According to a further aspect of the present invention a method of optically encoding a received time domain multiplexed signal of two or more information channels comprising generating an optical signal corresponding to the received signal by means of a wavelength tunable optical source while varying the wavelength of the optical signal so that those portions of the optical signal corresponding to respective distinct channels are generated at distinct wavelengths.
According to a yet further aspect of the present invention a method of communication comprises:
optically encoding a time domain multiplexed signal of two or more information channels as an optical signal at a control station;
transmitting the optical signal to a node;
resolving the optical signal into its constituent wavelength portions at the node;
transmitting the different wavelength portions to respective receiving stations.
Preferably the node further includes a spatial light modulator and a mirror arranged in the passive wavelength analyser to modulate and reflect back to the control station one or more wavelength channels in response to signals from the respective one or more receiving stations. Preferably the source of light is a semiconductor laser and the means to sweep the light periodically through a wide wavelength range includes a tunable external optical cavity.
A method and a system in accordance with the present invention are now described in detail with reference to the accompanying drawings, in which:
FIG. 1 is a diagram illustrating a method and system in accordance with the present invention;
FIG. 2 is a diagram illustrating modulation/demodulation methods for use in a method or system in accordance with the present invention; and,
FIG. 3 is a diagram illustrating modulators/analysers for use in a method or system in accordance with the present invention.
In the system shown in FIG. 1; a controlling station 1 is connected via a wide bandwidth optical fibre 2 to a node 3. The node 3 is in turn connected to a series of further nodes 4 from which fibres carrying narrow optical bandwidths 20 extend to receiving stations 5.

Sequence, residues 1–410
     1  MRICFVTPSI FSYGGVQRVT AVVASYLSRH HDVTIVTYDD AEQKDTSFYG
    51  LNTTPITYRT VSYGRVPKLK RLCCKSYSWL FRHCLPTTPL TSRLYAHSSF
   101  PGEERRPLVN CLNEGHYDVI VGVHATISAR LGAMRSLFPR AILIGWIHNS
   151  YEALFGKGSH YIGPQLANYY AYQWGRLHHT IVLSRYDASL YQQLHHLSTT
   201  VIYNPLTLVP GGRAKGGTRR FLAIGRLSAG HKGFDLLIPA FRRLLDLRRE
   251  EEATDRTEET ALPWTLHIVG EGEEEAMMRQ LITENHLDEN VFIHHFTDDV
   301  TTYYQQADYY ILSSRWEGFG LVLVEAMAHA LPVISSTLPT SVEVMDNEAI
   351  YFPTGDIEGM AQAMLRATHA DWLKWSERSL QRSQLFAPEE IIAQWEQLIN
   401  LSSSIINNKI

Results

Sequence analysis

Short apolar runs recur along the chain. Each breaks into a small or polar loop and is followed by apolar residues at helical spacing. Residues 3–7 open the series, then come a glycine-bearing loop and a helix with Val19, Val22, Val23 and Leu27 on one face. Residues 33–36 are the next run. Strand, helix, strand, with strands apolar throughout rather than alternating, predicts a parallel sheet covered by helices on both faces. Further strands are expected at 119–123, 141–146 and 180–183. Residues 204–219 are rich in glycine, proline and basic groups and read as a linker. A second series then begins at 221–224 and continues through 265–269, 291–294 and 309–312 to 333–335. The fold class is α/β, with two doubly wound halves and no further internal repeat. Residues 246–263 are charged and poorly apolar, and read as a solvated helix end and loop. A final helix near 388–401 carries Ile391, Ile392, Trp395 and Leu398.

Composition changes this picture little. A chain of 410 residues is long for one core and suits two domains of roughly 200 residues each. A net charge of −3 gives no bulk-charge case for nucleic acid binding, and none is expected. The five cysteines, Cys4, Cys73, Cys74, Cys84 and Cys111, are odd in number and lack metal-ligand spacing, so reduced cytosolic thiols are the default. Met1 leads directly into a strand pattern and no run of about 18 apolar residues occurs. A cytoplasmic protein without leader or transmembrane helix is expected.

The control station 1 includes a semiconductor laser 6 which provides the optical power for the system. The semiconductor laser 6 is modulated to provide time-division multiplexed channels in a conventional fashion. In addition an external optical cavity is used to sweep the output of the laser 6 through a range of frequencies such that each successive time-division channel occupies a distinct wavelength channel (λ1, λ2 . . . λn). The frequency sweep is repeated at a rate equal to the data rate desired for transmission along the low bit rate fibres, 64 KHz in the case of the system illustrated. Although handling only a narrow optical bandwidth the low bit rate fibres have a sufficiently broad electrical bandwidth to transmit narrow pulses without significant spreading. A delay may be included before each successive sweep to allow for differential delays within the system as a result of dispersion: a 15 nsec delay is sufficient for a total signal path of 7 km. It is found to be possible to resolve channels with a wavelength spacing of 0.1 nanometers: sweeping the laser through a wavelength range of 100 nanometers can therefore provide more than 100 distinct wavelength channels. Thus although the system uses a relatively low sampling rate of 64 KHz the output from the control station 1 which is joined to the fibre 2 by an optical coupler 7 can have a data rate as high as 65.5 Mbit/s (1,024×64 kbit/s) in the case of a 1,024 channel system.